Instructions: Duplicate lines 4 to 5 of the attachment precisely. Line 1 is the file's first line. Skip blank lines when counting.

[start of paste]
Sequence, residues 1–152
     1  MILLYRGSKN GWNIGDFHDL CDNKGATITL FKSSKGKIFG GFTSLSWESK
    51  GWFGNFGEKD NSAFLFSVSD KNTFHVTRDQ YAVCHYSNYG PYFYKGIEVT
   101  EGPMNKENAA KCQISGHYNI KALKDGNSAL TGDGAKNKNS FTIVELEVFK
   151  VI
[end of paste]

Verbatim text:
   101  EGPMNKENAA KCQISGHYNI KALKDGNSAL TGDGAKNKNS FTIVELEVFK
   151  VI